It is no secret that strong leadership is essential for any initiative to thrive, and a research partnership is no different. CPS leadership is open to and supportive of the research and for the transparent approach we are taking to make it public. USF leadership is supportive of a faculty member serving as Scholar-in-Residence at CPS. USF faculty and CPS staff work together to implement the curriculum and the research, and we do so by acknowledging the strengths we each bring to the table and moving forward with our associated roles. Teachers are leading the implementation and will be the most powerful contributors to us understanding how to successfully implement the knowledge-rich curriculum. As such, they are taking on additional responsibilities by agreeing to participate in the research.

Trust

Because of strong leadership, we developed a relationship built on trust. Teachers are agreeing to participate in the research because they trust that time will only be asked of them in order to strengthen the good teaching they already do. Leadership at the school are willing to make the work public because they trust it will support other schools embarking on a similar path. And the faculty member trusts that consideration will be given and new ideas implemented based on the executive summaries provided to the school after each iteration of data collection.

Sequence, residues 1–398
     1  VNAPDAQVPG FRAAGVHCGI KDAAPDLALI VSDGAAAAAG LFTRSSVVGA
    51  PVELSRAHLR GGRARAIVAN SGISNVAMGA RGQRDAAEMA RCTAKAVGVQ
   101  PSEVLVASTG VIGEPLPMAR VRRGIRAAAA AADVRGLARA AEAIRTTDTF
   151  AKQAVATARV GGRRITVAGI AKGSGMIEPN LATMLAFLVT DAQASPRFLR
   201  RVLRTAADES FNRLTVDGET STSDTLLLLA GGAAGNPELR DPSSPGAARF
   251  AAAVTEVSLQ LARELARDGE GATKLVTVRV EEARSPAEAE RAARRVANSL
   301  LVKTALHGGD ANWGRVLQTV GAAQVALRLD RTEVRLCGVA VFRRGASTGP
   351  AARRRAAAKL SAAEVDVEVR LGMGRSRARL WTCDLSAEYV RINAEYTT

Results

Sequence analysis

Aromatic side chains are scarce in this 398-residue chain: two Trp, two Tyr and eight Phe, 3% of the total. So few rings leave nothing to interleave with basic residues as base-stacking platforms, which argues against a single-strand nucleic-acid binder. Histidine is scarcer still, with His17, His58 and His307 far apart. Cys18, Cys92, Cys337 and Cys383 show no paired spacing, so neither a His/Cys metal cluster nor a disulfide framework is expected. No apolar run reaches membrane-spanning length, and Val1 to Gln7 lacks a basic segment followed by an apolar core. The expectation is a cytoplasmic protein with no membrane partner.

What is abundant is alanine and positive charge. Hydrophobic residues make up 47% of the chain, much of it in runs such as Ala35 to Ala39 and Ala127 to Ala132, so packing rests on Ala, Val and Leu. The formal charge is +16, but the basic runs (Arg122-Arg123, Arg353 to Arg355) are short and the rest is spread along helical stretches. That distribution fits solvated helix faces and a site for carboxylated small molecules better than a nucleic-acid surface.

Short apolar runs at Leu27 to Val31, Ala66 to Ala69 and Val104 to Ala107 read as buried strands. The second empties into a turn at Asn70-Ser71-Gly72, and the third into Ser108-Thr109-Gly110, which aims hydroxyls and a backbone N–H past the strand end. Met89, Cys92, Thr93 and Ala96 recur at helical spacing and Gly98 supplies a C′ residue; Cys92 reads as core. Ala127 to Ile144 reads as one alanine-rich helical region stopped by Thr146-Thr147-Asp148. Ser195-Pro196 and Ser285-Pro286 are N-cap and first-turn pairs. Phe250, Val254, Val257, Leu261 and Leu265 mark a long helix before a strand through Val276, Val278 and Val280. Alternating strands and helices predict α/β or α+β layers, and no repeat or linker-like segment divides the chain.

Time

This research partnership did not happen overnight. The trust and leadership noted were developed over an extended period of time and across two continents. CPS and USF have a longstanding relationship through the USF Cambridge Schools Experience program. Trainee teachers from USF become part of the school community for four weeks every summer. The consistency of this program, and of the program staff, connects the two organizations annually. Further, the school opened their doors to me during my research sabbatical in Spring 2016, and we continued to work together to establish a mutually beneficial partnership through the 2016-2017 school year.

 

 

 

 

Informed consent for research